Eliminating Spam with Procmail and SpamAssassin

Thursday, October 18, 2007 

For years I’ve fought spam with all sorts of techniques, some limited server side tricks in setting my postfix rules to very strict adherence and using RBLs, but ultimately settling on whitelist filtering on my Trusty Eudora client, POPping all that spam over whatever airport international dialup I happened to be on and cursing it even as it disappeared into the UBC folder for bulk deletion.

And I dreamed of the day when I would switch to IMAP and set up all those cool anti-spam server-side techniques I’d been reading about, primarily SpamAssassin. The problem with spam filtering is that it often catches your friends.

So I found this great procmail filter that whitelisted on the server side and sent confirmation requests to unlisted addresses. So I installed Procmail on my server, then SpamAssassin, and rewrote the filter below to do just what I wanted:

My .procmailrc

Walking through the filter:

First there is some set up, most of it from Nic’s original filter. I use Maildir style mailboxes, so I had to fix that, and I wanted server-side filtering into those mailboxes.

So section one sets up the variables, including the locations of the mailboxes and the locations of lists like “accept-list” that are lists of email addresses that go in various mailboxes or should be whitelisted (or blacklisted).

Under

# Don’t change anything else unless you know why you’re doing it!

I did rather a lot of messing about.

First I load the Sender address, Sender Domain, and Subject of the mail into variables (the first two for checking against lists, the last for logging).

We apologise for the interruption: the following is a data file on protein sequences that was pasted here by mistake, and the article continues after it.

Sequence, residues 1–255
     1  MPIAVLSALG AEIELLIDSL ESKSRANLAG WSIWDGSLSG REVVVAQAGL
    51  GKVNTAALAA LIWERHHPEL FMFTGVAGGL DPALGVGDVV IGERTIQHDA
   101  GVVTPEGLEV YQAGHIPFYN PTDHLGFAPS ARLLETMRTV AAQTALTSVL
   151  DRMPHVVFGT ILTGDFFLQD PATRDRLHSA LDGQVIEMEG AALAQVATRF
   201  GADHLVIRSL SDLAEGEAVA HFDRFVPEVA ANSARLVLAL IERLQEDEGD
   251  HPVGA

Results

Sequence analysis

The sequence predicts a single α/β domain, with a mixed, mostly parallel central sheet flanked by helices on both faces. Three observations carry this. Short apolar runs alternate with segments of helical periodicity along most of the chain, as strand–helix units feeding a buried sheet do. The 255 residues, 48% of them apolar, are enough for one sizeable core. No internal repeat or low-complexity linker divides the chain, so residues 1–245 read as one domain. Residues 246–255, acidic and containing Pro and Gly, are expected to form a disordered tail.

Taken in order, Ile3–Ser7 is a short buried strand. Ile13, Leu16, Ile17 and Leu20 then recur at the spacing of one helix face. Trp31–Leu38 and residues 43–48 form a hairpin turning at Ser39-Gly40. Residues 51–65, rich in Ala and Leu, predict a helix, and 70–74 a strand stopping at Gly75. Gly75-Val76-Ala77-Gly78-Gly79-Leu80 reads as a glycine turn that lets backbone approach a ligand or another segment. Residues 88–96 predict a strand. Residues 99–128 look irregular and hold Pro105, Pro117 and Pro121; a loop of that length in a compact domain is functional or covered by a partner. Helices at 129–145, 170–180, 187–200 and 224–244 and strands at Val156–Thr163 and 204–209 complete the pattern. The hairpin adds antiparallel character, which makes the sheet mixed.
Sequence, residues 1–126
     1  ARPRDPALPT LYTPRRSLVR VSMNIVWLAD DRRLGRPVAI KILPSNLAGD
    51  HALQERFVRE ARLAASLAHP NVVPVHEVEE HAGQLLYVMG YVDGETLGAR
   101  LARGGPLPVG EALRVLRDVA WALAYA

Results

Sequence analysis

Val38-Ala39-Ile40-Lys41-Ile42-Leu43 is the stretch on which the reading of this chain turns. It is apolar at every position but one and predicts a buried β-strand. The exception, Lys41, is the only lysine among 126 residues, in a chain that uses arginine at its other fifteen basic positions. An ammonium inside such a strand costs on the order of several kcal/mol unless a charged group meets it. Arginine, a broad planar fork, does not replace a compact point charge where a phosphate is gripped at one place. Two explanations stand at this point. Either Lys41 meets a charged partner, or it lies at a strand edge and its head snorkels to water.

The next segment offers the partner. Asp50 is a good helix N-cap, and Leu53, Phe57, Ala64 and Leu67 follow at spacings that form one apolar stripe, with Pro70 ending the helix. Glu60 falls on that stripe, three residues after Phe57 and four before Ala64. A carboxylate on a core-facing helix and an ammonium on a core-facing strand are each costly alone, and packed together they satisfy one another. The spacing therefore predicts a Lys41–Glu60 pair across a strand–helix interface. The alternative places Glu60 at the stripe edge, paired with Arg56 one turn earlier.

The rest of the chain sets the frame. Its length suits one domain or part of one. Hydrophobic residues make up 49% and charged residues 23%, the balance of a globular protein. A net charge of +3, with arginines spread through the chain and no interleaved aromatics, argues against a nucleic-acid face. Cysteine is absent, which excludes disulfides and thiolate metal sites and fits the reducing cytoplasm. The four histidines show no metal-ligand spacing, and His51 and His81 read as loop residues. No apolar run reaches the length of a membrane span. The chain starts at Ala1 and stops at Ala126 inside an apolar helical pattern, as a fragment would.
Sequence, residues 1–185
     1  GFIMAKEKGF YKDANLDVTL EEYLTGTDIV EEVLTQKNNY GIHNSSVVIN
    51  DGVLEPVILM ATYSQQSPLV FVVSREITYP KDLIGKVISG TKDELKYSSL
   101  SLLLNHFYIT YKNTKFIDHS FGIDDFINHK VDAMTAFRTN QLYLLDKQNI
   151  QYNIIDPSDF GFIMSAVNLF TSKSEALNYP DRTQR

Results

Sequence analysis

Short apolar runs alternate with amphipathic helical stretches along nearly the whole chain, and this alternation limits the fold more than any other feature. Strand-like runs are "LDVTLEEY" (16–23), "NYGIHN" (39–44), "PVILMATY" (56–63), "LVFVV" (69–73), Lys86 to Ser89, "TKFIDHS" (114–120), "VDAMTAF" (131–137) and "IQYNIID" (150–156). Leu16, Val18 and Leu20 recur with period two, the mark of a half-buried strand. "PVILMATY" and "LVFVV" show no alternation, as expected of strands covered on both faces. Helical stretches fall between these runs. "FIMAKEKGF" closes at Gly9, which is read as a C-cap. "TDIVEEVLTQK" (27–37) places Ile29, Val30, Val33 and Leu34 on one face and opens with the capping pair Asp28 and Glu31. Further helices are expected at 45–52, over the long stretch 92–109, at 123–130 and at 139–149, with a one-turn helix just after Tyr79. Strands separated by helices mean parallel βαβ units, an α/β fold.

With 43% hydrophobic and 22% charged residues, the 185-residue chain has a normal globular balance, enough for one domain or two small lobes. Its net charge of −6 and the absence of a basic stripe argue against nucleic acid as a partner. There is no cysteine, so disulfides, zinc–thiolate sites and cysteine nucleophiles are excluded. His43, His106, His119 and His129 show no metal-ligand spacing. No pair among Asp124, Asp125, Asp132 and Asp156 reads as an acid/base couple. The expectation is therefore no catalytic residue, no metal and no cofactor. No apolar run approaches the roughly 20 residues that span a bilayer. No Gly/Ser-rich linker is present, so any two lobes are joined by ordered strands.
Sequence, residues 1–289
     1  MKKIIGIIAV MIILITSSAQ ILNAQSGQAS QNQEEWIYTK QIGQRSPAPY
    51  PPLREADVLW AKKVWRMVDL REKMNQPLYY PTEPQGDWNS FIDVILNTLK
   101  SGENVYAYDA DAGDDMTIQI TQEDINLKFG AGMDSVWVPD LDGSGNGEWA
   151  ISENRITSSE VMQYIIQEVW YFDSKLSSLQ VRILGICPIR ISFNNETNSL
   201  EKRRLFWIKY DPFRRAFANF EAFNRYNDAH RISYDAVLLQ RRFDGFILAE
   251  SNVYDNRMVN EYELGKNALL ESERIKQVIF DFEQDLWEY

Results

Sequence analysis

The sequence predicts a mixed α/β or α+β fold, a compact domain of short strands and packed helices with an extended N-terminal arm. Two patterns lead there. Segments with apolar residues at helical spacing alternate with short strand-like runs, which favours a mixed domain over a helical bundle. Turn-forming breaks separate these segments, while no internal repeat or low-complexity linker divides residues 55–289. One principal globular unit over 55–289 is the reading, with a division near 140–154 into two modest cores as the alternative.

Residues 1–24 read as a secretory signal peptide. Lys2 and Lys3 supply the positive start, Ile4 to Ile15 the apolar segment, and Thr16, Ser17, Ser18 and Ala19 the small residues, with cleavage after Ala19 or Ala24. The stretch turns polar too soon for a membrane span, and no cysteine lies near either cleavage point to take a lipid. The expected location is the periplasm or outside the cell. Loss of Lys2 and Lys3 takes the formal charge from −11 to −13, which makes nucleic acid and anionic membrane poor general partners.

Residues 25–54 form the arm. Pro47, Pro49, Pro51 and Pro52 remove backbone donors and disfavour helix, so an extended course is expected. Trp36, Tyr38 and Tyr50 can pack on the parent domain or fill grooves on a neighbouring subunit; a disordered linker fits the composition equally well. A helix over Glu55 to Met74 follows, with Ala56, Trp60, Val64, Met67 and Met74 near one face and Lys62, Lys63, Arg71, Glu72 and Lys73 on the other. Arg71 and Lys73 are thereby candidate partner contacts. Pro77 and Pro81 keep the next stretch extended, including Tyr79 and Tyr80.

Then Nic wrote some cool filters to allow you to add whitelist or black list addresses by email. I added a test to make sure those requests came from me.

I moved some of the checks around because SpamAssassin is fairly expensive in time and computation, so I wanted that last and only for unsorted mail.

  • I check first against the whitelist and (optionally) log the result. If the sender is listed, the mail is delivered to my inbox.
  • I then check against various mailing lists and sort the remaining mail into the right mailbox. This is mostly because web and WAP clients can’t do this sorting at the client level and I don’t want my inbox cluttered. If the sender is listed in one of the address lists, the mail is delivered directly to the corresponding mailbox.
  • I then check against a black-list (note white lists come first, in case someone ends up on both) and /dev/null the offenders.
  • Everything left gets run through SpamAssassin set to call Spam at a 4. I think I could move that down to 3 as no Ham has scored above a 3 and to even be checked it has to be an unsolicted sender anyway.
  • If the sender is unknown, but the message isn’t spam, then I check again against sender domains (not sender addresses) for some of the lists since a number of listservs use morphing from addresses.
  • If the sender’s domain isn’t listed and the message isn’t spam it is delivered to my inbox. A few spam messages (<1%) have gotten through, but they are being used to train SpamAssassin’s baysian filter, and I think I can turn the threashold down to 3.
  • “Spam” (per SpamAssassin) from unknown senders gets, as Nic calls it, a Chicken – a request to confirm they really want to send me email. Spammers do not respond, real people usually do.
  • All the sender has to do is reply to the chicken request and their original message is released and they are whitelisted.
  • If the sender doesn’t respond, a script deletes their message from the holding pen after about a week.

The script, as written, logs non-spam delivery emails the way the script sees it (the “from” address looks different than it does in Thunderbird) to make adding the address to the appropriate list easier. It also logs the from and subject of messages that get a chicken request for easier review.

My server is rejecting a hundred or more spam messages a day and I’m getting on average 1 now. Thanks Nic.

Posted at 20:49:37 UTC

Category: FreeBSDtechnology

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